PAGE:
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High cost of fertiliser, inadequate manure to worsen low food productivity

By Femi Ibirogba and Ahmad Muhammad, Kano
02 May 2022   |   4:02 am
There are indications that higher cost of fertiliser in the country will lead to low yield per hectare and shortage of food in the country.

• Kano farmers adopt human excreta for manure
There are indications that higher cost of fertiliser in the country will lead to low yield per hectare and shortage of food in the country.

This is as farmers and other stakeholders have raised the alarm that expensive agro-chemicals, including fertiliser, would worsen the extremely low usage of fertiliser among Nigerian farmers, which account for low productivity per hectare.

A World Bank record shows that Nigeria consumed around 20kg of fertiliser per hectare of arable land in 2018, compared with 73kg in South Africa and 393kg in China.

The chairman, All Farmers’ Association of Nigeria (AFAN), Oyo State chapter, Mr Ayinla Olumide, said a 50-kg bag of NPK 15:15:15 is currently about N29,000 in Ibadan, while a bag of urea is N19,000.

An agricultural entrepreneur in Ogun and Oyo states, Mr Sola Olunowo, also expressed concerns over prices of fertiliser, saying he now uses manure to boost land fertility.

A commercial rice farmer in Iwo, Osun State, Mr Popoola Ayoade, who cultivates about 40 hectares of lowland rice, lamented the higher cost of inputs, saying farming activities were being scaled down as most farmers could not secure loans.

Speaking with The Guardian, Ayoade said a bag of 50kg NPK15:15:15 fertiliser is sold at the rate of N17,000, while a bag of urea fertiliser is N18,000.

Also, ploughing one hectare of farmland costs N12,000, rising from about N5,000 in the last two years, he said.

Agro-chemicals, herbicides and insecticides specifically, have also doubled in prices in the last one year.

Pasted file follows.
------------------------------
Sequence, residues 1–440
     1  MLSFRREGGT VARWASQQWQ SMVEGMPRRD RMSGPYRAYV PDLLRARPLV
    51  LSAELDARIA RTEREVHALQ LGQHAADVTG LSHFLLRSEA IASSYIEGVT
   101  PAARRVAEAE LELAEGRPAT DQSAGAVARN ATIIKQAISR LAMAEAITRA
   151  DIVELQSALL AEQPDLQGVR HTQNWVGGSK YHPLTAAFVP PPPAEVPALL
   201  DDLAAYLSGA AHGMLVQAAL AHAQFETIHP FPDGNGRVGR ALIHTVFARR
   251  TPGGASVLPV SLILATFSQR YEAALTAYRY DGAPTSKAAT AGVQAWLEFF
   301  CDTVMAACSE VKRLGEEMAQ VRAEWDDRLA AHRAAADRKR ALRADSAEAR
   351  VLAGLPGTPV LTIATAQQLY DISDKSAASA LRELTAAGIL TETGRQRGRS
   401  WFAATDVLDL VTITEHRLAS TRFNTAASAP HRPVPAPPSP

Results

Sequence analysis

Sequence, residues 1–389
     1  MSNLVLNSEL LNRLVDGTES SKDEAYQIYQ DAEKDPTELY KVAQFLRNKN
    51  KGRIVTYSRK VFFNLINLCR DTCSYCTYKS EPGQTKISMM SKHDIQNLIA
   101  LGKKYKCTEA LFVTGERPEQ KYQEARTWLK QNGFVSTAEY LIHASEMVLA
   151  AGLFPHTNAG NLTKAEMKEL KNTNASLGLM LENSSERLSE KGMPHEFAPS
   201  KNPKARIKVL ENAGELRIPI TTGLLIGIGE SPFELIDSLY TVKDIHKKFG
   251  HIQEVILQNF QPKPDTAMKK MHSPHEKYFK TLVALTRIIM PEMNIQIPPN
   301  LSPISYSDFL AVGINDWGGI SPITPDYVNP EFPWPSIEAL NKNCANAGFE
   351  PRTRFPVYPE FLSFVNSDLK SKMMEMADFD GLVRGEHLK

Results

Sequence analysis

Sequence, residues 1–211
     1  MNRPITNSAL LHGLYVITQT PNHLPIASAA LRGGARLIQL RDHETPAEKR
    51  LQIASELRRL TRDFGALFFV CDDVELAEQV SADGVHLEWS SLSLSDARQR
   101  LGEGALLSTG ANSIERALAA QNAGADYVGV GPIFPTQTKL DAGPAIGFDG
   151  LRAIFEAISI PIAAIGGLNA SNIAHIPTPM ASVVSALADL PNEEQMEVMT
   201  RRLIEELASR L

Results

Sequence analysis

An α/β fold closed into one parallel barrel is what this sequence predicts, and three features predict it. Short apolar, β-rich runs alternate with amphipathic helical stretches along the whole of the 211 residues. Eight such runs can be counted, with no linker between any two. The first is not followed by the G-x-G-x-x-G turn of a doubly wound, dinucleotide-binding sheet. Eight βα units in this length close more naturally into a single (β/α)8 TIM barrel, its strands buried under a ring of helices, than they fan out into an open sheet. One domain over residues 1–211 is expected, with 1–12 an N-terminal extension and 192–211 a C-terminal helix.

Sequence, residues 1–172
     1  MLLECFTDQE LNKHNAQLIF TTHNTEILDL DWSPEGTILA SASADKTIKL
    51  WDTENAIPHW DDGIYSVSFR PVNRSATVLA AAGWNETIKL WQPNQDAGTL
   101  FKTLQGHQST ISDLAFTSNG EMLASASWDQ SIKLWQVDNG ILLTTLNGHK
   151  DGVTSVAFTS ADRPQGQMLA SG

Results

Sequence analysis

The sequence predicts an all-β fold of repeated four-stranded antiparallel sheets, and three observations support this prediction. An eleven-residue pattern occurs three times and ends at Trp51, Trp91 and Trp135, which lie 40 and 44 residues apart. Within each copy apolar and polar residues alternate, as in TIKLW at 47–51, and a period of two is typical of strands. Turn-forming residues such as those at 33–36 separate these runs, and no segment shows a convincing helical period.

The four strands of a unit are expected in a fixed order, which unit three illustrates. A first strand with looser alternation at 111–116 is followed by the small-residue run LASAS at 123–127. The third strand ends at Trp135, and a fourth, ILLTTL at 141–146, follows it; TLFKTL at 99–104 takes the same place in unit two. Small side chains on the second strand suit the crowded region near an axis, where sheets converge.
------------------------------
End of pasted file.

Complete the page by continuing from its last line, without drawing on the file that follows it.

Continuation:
Ayoade said a one-litre bottle of herbicides (for weed control on his rice farm) was about N1,500 to N2000 last year, but now costs N4,000. The same applies to insecticides used for protection against pests.

He disclosed that the higher prices had not only reduced the number of farmers but also the hectares of land under cultivation.

The rice farmer uses two to three bags of fertiliser per hectare when the price was more affordable, but is unsure of the quantity to apply in the next cultivation.

He called on the Federal Government and states to step in with subsidies on inputs to retain small-scale farmers on the field and ensure food sufficiency.

Another farmer in Oyo State, Adesoye Idowu, said a bag of NPK fertiliser is currently N22,500. He lamented that it was getting out of the reach of most farmers.

Pig, poultry and cow dungs, he explained, have become viable sources of more affordable manure than inorganic fertliliser, calling on the government to take drastic steps to address price of not only fertiliser but also other agricultural inputs.

A commercial poultry farmer and owner of Terudee Farms, Ibadan, Oyo State, Mr John Olateru, said price of a bag of NPK fertiliser was getting out of reach of most farmers at N25,000.

He said alternatives such as poultry and pig dungs were becoming scarce and expensive as most livestock farmers were abandoning operations as costs of feeds and operations were becoming humongous.

A farmer in Ilorin, Bidemi Olusegun, disclosed that a bag of poultry manure from deep litter pens, consisting saw dust and poultry feaces, costs about N700, while a bag of dried poultry manure from battery cages costs about N1000.

He disclosed that about two or three years ago, a bag of either type of poultry manure was around N200, and some farmers would even give them away.

MEANWHILE, farmers in Kano State are gradually resorting to the use of manure from human excreta.

Investigation by The Guardian revealed that farmers growing various crops, such as sorghum, maize, millets, carrots and other vegetables, are currently sourcing compost manure from human excreta excavated from pits latrines.

One of the local pit latrine evacuators, Idi Musa, explained to The Guardian that some farmers contacted him to supply human composts to their farms due to the high prices of fertiliser which has gone beyond their reach.

According to him, they did charge N3,000 per truckload of the human waste. “Initially, we just pour it inside ponds or at refuge dump, but now, farmers book for it to fertilise their crops.”

A farmer in Dante Quarters of Kumbotso Local Government area, Hussain Saeed, said that they found it difficult to afford fertiliser, hence the resort to human composts in preparation for the raining season farming.

Saeed lamented that one bag of fertiliser is about N20,000, apart from other farm inputs, such as insecticides and herbicides, which are also not affordable to most farmers.